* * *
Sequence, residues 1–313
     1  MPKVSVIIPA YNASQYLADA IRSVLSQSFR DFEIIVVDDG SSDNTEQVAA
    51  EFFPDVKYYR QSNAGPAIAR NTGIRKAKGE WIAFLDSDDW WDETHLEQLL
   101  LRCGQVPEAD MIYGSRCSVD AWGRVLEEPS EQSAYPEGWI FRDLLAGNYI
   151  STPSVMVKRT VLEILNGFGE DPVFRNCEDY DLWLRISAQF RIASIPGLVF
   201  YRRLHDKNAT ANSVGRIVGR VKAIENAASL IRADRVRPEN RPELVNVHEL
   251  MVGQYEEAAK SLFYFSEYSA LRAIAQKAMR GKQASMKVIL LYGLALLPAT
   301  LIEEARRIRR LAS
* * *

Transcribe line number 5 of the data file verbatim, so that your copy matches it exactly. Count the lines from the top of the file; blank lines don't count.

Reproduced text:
   151  STPSVMVKRT VLEILNGFGE DPVFRNCEDY DLWLRISAQF RIASIPGLVF